An Exercise in Futility?

I often wonder why I couldn’t be interested in blogging about something with more mass appeal than the history of fraternities and sororities. Convincing members of GLOs that is important to know the history of their own GLO as well as other organizations is not an easy task. After all, the world is a different place than it was even ten years ago and talking about the 1800s and 1900s is akin to droning on about the prehistoric world. Furthermore, most of people I write about are d-e-a-d and have been for decades. Discussing GLOs with those who are not members and have a definite opinion/dislike/disdain about GLOs is an exercise in futility.


(Courtesy of the Student Life and Culture Archives, Wilson Heller Collection)

(Courtesy of the Student Life and Culture Archives, Wilson Heller Collection)


I’m an introvert although I can manage well among people when I must. There are days when I seriously consider becoming a recluse, but my cat allergy puts a crimp on that thought. Dogs are just too demanding. At the memorial service I attended on Saturday, someone came up to me and said, “You’re the dog walker!” “Yes, I am,” was my reply, because walking our two dogs is what I do. Researching and writing about GLOs is what I truly love to do. While I’ve considered closing this blog and finding something more lucrative, say selling real estate, I keep coming across items that need to be shared. 

Exhibit A – The men of Beta Theta Pi at the University of Nebraska-Lincoln set up a go-fund account for their former housefather, Erv Williams.

Exhibit B –  Last year, I wrote about Mimi Baird, an alumna initiate of Pi Beta Phi, who wrote about a father she barely knew ( The movie rights to her book, He Wanted the Moon: The Madness and Medical Genius of Dr. Perry Baird, and His Daughter’s Quest to Know Him, have been purchased by Brad Pitt. Pulitzer Prize winner Tony Kushner will be working on the screen adaptation. Dr. Perry Baird, the subject of the book, was a member of Alpha Tau Omega. The Variety articles summed up his life very well, “Baird was a rising medical star in the late ’20s and ’30s who researched the biochemical root of manic depression, just as he began to suffer from it himself. By the time the results of his groundbreaking experiments were published, he had been institutionalized multiple times and he had become estranged from his family. He later received a lobotomy and died from a seizure.”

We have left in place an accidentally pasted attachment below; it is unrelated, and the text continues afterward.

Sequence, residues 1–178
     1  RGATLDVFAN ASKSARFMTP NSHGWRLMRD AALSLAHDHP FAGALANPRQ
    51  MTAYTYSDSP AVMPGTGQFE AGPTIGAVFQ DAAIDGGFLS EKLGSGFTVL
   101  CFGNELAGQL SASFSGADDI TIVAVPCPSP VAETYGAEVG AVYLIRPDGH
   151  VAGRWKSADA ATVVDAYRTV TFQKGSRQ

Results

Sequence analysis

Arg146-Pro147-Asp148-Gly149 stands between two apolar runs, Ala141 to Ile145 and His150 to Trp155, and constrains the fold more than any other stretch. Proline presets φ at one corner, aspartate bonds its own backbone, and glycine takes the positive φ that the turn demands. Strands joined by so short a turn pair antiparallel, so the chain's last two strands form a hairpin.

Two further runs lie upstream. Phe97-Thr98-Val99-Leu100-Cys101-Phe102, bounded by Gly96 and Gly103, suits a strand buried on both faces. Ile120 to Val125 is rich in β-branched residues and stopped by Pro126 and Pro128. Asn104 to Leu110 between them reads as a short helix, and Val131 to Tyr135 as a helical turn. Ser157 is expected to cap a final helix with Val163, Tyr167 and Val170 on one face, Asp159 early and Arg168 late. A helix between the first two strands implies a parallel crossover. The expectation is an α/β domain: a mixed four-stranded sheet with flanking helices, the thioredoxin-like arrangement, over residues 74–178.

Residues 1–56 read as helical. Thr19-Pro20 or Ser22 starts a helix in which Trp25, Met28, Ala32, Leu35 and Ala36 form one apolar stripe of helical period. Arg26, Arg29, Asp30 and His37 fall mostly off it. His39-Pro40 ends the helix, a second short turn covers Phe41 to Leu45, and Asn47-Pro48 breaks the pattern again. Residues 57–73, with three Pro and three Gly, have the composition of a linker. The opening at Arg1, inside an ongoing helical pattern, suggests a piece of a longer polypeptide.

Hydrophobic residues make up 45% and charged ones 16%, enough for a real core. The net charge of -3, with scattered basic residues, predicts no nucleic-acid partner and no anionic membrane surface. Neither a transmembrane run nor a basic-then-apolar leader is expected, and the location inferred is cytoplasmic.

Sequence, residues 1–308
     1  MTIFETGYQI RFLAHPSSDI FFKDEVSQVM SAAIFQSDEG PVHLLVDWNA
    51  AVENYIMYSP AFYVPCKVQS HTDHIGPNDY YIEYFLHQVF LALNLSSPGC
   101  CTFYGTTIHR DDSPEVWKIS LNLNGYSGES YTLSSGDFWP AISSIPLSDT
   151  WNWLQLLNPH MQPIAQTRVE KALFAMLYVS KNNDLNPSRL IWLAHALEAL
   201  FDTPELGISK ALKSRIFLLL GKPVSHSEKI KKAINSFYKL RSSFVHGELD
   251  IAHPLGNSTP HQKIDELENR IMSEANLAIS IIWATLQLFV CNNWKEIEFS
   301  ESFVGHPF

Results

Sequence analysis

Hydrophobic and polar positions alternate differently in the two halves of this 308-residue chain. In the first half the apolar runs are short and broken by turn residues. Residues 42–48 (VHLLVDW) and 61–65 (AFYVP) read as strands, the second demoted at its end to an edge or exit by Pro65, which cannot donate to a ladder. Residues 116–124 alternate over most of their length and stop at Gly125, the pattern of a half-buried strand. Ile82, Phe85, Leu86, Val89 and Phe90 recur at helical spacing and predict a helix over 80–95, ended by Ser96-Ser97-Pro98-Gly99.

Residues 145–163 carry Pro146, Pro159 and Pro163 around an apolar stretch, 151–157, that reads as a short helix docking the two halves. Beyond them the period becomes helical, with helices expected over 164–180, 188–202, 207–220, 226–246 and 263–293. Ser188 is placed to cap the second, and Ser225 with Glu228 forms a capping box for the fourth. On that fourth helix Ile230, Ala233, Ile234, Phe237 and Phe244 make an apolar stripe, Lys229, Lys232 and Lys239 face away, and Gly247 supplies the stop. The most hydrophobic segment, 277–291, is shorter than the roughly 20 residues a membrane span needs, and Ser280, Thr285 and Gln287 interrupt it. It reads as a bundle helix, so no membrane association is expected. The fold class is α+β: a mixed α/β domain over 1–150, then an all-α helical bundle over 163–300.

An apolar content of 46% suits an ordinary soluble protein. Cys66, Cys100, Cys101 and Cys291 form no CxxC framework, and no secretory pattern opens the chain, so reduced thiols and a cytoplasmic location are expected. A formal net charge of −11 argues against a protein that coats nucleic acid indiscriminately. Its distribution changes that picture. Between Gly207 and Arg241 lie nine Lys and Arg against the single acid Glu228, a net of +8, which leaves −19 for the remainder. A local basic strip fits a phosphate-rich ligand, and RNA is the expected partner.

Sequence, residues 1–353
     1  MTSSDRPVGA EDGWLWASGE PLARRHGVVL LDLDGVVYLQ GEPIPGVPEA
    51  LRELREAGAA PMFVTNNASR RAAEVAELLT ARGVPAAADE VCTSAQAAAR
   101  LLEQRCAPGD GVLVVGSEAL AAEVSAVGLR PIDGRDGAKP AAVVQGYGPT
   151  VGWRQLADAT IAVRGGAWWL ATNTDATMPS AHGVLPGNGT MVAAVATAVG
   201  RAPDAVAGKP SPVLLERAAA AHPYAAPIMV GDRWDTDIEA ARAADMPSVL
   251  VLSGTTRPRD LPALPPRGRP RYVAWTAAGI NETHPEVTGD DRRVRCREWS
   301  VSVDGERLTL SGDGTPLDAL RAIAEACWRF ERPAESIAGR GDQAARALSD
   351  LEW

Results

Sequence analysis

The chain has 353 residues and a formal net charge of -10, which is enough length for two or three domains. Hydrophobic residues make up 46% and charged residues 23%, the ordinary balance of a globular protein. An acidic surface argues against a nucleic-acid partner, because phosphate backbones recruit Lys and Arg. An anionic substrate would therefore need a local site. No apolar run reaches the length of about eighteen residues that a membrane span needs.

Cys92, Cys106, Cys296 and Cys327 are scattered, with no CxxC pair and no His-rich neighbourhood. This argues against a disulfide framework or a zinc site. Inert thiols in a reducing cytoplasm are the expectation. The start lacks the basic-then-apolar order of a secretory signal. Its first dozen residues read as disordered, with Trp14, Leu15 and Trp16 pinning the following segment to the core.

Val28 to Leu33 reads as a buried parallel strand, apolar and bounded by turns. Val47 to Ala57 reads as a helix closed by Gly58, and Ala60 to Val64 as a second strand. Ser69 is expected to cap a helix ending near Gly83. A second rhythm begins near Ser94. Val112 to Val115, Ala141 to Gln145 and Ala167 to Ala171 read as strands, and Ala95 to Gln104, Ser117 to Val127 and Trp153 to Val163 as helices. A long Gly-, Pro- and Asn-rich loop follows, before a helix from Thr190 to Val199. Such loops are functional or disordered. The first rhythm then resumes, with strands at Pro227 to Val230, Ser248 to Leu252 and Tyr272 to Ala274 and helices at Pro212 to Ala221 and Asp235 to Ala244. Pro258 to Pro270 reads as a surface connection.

Exhibit C – Nu Alpha Kappa, a Latino-based fraternity was established on February 26, 1988 at Cal Poly San Luis Obispo. Tony Arreola, one of the founders, recently donated $100,000 to the NAK National Alumni Association’s Scholarship Fund. On the Nu Alpha Kappa facebook pages, Arreola is quoted, “Nu Alpha Kappa and my college experience at Cal Poly have given me back so much over the years…The Arreola Family Award is my way of paying it forward by helping NAK brothers graduate from college.”

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